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philippine jungle, surrounded by men with hate in their eyes, gerfa lunsmann looked, terrified, at her 14-year-old son. an approaching car had put the kidnappers on alert. and now one of them held an automatic rifle to kevin's head. >> i just said, don't move, son, while my entire body was frozen. >> reporter: and then the car passed. and they kept walking. and several hours later they arrived at abu sayyaf's base camp. >> and this is where they were brought -- to a cage in the jungle. not this cage, we actually built this one, but to the exact specifications given to us by gerfa. five feet by five feet, some old broken boards for a floor, jungle sticks lashed together with bark. no roof, no protection from the elements. but a cage as secure as any cage in any prison.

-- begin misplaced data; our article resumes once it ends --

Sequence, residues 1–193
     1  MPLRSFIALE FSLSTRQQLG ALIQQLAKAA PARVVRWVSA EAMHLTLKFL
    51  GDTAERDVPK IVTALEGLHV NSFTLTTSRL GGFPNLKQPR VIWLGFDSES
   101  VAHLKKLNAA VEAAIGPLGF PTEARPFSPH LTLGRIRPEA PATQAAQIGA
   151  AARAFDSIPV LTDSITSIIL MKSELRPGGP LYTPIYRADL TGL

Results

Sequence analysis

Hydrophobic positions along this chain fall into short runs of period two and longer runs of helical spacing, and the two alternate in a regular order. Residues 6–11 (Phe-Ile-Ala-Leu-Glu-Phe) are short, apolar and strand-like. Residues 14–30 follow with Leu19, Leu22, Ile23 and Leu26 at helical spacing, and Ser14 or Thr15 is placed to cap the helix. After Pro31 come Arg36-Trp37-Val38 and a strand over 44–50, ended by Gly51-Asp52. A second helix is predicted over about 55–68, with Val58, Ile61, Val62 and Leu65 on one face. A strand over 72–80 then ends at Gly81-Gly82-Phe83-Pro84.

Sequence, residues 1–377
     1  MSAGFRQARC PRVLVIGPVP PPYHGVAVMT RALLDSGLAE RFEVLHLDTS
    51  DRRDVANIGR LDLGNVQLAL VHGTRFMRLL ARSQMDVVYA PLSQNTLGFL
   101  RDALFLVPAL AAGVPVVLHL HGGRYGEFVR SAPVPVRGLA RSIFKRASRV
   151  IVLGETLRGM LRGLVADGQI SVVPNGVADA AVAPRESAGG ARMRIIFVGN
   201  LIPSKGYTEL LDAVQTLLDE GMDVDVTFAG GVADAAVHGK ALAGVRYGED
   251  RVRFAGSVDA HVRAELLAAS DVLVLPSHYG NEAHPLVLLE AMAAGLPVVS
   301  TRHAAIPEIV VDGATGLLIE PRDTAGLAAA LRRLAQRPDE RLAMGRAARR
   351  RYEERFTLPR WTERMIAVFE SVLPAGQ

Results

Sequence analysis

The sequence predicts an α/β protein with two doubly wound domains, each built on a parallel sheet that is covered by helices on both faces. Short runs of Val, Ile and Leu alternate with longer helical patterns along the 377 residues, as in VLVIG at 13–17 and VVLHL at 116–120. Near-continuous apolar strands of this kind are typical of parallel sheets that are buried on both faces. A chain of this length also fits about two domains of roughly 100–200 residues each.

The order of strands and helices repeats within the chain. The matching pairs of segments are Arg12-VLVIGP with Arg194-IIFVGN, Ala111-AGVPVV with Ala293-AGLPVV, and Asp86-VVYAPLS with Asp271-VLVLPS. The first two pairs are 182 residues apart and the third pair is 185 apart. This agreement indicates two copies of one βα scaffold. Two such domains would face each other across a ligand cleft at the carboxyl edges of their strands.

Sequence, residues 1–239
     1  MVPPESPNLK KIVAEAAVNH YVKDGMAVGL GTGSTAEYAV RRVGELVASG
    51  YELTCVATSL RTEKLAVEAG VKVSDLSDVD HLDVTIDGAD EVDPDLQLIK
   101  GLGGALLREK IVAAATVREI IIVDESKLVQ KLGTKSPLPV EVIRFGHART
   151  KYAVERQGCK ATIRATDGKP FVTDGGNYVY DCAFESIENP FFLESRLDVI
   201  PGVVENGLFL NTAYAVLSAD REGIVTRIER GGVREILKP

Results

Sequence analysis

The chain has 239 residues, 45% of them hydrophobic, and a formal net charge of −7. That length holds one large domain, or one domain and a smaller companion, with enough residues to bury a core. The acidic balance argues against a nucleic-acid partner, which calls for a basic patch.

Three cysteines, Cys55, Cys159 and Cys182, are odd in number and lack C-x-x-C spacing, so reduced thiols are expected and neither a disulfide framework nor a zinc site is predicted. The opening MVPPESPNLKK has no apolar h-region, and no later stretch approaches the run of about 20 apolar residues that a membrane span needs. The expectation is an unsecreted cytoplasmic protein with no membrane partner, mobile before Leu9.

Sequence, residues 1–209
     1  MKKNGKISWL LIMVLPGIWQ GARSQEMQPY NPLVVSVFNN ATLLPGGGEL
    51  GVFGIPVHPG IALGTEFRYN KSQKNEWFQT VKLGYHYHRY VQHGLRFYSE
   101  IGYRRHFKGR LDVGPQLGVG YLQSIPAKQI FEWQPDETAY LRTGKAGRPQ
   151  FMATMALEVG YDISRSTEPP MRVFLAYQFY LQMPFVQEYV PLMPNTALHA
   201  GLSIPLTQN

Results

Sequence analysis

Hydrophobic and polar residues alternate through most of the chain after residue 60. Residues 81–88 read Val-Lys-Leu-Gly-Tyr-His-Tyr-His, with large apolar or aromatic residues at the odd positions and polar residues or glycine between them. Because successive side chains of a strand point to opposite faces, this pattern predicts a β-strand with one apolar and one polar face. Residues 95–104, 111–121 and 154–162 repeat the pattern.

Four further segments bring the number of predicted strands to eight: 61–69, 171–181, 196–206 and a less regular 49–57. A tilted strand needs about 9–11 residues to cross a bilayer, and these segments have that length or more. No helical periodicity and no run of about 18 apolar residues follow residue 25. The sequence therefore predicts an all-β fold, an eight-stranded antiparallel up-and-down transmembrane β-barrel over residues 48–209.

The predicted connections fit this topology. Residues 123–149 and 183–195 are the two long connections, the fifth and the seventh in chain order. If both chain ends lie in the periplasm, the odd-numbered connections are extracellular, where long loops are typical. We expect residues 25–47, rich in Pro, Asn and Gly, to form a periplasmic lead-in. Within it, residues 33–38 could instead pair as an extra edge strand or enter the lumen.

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tents on either side of the cage. a sniper on a hill above, watching them. and right behind the cage -- a seemingly bottomless cliff, planted with land mines, said their captors. >> i know you had been walking for, like, 36 hours or something. how did you feel? >> well, exhausted, physically, spiritually, mentally -- >> and then they present you with this. >> and you see this piece of crap. and this guy told us, "get in." and you want to resist. you want to fight it. 'cause, you know, you're not an animal. >> reporter: this is gerfa's cousin, the young man who forced the kidnappers to take him so he could protect her and kevin. >> he takes the shorter place here. i will sleep here. and kevin will take the longest